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If you want to improve English speaking and become truly fluent in English, you must spend time learning slang and idioms that are used by real Native English speakers.
To make things easier for you, we have created a list of top 20 slang words American English speakers have been using in 2018.
“Buck” refers to a dollar bill. If a student is talking about money, they will often refer to dollars as bucks. For example, if I want to borrow money for a coffee, I’d say: “Hey, can I borrow 3 bucks?”.
Someone who enjoys leisure and rarely leaves their couch is called a couch potato. The term is typically used to goodheartedly poke fun at a friend.
This expression refers to someone who is focused on reality and practical matters. The opposite of someone who is down to earth would think theoretically and fantasize about unrealistic dreams.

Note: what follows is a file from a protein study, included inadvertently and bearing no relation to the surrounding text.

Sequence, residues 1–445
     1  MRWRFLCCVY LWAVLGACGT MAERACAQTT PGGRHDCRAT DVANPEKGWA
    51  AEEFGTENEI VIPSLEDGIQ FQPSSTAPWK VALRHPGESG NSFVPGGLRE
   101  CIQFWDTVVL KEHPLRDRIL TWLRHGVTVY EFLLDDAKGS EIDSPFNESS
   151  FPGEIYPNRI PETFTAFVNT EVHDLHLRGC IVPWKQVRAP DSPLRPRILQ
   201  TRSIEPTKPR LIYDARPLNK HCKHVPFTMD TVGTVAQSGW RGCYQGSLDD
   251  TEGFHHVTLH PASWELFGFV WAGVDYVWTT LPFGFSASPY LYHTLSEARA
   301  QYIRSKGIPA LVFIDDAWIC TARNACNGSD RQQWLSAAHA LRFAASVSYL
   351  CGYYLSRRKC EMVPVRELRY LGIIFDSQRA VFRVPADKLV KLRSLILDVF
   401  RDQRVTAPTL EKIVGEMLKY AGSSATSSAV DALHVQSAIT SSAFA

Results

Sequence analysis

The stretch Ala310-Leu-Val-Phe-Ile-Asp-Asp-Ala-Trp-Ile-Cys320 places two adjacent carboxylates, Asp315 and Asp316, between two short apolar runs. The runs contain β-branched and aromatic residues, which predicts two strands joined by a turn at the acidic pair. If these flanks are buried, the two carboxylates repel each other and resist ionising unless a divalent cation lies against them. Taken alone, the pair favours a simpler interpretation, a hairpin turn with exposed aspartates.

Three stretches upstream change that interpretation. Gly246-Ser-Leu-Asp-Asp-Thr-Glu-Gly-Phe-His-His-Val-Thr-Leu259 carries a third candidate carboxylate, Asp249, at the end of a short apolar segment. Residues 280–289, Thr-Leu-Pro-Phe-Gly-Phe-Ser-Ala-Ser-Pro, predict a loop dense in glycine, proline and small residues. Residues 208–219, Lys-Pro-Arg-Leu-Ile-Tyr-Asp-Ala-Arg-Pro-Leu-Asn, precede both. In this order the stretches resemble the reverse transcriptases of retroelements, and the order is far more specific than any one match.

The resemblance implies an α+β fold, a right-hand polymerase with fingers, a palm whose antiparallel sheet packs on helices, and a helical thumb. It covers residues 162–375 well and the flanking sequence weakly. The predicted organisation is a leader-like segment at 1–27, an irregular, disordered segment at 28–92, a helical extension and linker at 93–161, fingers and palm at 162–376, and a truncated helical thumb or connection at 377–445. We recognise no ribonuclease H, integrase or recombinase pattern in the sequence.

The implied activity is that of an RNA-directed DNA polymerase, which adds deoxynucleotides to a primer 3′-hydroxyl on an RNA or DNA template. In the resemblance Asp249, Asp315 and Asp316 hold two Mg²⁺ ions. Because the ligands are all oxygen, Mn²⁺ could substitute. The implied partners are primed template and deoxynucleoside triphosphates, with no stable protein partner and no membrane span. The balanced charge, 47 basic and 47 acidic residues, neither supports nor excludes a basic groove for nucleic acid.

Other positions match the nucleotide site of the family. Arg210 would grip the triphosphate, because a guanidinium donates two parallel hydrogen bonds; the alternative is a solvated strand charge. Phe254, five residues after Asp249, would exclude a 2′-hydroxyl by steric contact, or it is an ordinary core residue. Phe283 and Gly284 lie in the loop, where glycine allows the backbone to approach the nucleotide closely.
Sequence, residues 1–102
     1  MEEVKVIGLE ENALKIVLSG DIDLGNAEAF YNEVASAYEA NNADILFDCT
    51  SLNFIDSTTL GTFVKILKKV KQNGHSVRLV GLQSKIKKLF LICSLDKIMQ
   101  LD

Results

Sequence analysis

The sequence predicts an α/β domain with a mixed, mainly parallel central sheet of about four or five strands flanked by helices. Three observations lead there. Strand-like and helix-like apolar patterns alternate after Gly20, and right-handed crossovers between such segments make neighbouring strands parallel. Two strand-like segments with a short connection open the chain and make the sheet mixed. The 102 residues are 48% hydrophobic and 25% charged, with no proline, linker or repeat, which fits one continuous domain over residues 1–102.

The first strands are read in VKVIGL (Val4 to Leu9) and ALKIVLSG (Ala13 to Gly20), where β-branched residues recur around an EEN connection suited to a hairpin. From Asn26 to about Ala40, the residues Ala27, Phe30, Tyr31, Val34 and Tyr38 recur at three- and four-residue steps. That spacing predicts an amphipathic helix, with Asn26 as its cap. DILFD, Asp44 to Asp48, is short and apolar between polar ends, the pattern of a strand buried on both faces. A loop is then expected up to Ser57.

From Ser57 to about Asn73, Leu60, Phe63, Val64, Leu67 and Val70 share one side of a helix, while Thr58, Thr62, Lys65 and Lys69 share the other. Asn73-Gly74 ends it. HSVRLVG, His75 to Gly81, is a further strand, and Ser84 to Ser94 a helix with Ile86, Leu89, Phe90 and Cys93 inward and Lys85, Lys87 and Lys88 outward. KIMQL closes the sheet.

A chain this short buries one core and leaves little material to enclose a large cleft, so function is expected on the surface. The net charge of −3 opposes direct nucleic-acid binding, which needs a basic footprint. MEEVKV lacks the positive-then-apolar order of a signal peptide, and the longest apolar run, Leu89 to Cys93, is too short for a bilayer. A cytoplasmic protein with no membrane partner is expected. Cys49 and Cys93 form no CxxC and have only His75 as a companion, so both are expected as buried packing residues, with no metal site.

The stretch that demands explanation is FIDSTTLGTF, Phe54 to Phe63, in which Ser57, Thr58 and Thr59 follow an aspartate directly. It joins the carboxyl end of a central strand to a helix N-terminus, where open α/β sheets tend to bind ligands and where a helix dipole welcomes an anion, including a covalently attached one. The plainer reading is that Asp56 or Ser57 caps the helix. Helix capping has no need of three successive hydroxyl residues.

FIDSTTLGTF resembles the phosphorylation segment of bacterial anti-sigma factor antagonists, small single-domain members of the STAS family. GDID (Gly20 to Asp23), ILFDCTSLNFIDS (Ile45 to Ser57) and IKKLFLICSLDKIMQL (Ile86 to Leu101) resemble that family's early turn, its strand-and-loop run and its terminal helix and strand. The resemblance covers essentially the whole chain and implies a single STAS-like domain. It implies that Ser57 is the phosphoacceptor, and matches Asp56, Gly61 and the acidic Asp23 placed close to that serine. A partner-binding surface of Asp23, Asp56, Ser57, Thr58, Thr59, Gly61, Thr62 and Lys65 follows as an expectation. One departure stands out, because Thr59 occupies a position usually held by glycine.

College students will often lightheartedly speak about a person who drives them up the wall. This expression explains a person who drives you crazy or annoys you, though not to a very serious extent.
This expression is heard commonly on campuses. If a person says something or someone is “for real”, they’re saying that thing is serious or honest. For example, when asked if someone is telling the truth, they’ll often respond: “I’m for real!”.
When two people “go Dutch” on a date, they each pay for their own meal and activities. Going Dutch is a common practice among college students who are low on funds.
Giving someone a cold shoulder means ignoring them. Typically, “the cold shoulder” is given to someone who has been offensive or belligerent.
This expression is used as an adjective to replace excited. Someone who is hyped about something is simply excited.